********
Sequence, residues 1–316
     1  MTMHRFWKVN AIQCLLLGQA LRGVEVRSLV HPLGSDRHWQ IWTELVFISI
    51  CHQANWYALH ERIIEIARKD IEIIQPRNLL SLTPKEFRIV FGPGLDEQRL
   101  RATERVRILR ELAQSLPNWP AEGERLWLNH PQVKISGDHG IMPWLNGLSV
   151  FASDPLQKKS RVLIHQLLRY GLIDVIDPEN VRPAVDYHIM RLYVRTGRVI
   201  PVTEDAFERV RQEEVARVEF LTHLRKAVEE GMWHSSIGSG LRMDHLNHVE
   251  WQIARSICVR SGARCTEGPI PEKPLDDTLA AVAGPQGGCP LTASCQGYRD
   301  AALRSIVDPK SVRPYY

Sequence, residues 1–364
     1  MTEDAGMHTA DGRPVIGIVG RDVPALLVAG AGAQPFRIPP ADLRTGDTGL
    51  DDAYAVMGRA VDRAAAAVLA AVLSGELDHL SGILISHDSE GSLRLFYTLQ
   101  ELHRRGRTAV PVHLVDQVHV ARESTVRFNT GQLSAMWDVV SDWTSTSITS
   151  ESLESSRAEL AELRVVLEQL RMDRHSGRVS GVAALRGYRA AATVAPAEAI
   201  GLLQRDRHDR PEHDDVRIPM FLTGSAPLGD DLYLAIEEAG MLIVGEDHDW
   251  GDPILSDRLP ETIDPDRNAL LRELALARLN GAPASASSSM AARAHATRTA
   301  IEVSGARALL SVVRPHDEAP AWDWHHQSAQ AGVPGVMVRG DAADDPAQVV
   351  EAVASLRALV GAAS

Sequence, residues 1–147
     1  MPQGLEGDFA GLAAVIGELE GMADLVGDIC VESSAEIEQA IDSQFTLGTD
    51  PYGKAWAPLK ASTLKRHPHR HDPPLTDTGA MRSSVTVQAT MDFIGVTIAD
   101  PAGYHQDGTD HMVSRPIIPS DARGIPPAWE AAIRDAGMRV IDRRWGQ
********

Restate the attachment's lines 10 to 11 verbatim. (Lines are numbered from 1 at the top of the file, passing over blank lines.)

     1  MTEDAGMHTA DGRPVIGIVG RDVPALLVAG AGAQPFRIPP ADLRTGDTGL
    51  DDAYAVMGRA VDRAAAAVLA AVLSGELDHL SGILISHDSE GSLRLFYTLQ